Anyone can publicly criticize brands and people on social media platforms if they say or do something offensive or abusing
Cancel Culture is public outrage against a micro-celebrity, or a brand, for their public statements or actions
- Create a detailed communication strategy to keep your brand from being cancelled. Avoid controversies, and invest in sub-brands
If your situation is getting out of control, admit to the mistake and get a crisis manager hired
J.K Rowling and other major celebrities faced the wrath from netizens in 2021 for their actions. Brands and celebrities should be held accountable, at least for the majority of it. Marketers need to recognize that this trend is here to stay.
Pew research shows that 58 percent of Americans believe calling out others via social media is a better way to hold them accountable. There are many ways to cancel culture. I explore the core of this phenomenon and what brands can do to protect their brand’s reputation and identity online.
Source: PEW Research Center
What is “cancel culture?”
Cancel Culture is a contemporary way to express disapproval over someone’s actions or public statements.
People who cancel a brand are encouraging people to stop buying from them. Cancelling means to stop buying from a brand.
Social media is a great platform for cancel culture. It gives anyone the opportunity to speak out and allows people to come together around a common cause.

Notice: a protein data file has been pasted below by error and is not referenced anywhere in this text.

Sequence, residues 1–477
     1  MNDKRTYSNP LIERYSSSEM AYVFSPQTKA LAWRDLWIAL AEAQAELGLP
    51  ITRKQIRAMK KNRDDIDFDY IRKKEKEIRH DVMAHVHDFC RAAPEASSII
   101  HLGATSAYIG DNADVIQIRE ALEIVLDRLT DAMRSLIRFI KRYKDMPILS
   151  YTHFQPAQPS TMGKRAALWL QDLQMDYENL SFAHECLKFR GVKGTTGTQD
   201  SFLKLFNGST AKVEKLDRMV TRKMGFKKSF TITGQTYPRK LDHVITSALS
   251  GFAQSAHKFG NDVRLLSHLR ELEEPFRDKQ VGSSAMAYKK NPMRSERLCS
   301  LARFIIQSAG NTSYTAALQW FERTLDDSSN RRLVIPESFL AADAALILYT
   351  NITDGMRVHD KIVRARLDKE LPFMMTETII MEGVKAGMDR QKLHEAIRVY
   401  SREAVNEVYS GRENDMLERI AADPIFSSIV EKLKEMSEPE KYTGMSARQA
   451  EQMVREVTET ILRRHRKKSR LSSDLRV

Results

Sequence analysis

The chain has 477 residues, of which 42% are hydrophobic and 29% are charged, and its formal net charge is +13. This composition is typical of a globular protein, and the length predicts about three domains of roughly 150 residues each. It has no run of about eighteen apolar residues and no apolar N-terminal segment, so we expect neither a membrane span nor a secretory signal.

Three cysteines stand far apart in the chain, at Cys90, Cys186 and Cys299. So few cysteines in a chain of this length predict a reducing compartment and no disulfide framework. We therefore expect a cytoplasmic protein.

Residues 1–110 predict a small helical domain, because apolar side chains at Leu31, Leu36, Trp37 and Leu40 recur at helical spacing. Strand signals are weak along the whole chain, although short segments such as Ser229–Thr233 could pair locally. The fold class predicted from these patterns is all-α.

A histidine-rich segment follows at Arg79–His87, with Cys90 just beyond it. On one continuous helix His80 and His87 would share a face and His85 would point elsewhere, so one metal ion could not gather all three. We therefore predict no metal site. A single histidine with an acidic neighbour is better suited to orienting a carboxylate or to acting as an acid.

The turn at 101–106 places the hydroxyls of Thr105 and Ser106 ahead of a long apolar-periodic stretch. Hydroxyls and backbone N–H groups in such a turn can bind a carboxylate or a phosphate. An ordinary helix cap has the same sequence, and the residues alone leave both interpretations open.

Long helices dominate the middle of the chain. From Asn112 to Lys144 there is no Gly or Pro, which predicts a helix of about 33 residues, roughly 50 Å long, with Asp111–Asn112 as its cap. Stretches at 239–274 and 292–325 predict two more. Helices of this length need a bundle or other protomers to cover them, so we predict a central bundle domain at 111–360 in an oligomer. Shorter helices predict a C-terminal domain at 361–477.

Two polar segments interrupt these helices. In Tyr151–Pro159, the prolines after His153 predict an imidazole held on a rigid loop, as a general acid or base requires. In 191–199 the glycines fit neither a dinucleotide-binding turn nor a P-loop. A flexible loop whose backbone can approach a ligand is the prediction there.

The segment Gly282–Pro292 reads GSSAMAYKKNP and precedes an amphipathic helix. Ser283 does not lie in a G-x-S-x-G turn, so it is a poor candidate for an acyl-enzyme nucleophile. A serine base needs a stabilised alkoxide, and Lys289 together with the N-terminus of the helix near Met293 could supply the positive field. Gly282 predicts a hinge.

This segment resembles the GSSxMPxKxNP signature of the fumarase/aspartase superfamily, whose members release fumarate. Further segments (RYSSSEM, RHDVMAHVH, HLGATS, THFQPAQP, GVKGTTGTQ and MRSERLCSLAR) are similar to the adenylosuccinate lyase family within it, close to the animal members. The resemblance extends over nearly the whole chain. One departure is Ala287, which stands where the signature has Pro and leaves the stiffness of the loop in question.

It is controversial to think of cancel culture.
It raises many legal issues. Public shame refers to the idea of public square trials, where an individual could have been punished without being proven guilty.
Cancell culture, on the other hand is a powerful tool for achieving social justice.
How can you keep your brand safe?
1. Develop comprehensive communication policies
Anybody who is allowed to speak publicly or publish content for you should adhere to strict guidelines. These rules include what they cannot say, topics to avoid and who should be notified of any public feedback.
This document can be referred to as communication policy.
It’s helpful if company executives follow that document too, as CEOs can often cause all the problems.
American University, for example, has a detailed marketing and communications policy that lists all the rules their employees must follow when they send out email newsletters or post on social media channels.
These are their communication guidelines for posting to social media. This will give you an idea of how your brand’s communication strategy could look.
Be careful when postingspan styling=”font-weight 400 ;”>: Privacy is not an option in social media. Think about what might happen if the post is widely shared and how that may impact the University.
- Be accurate : Know the facts before you post them to social media.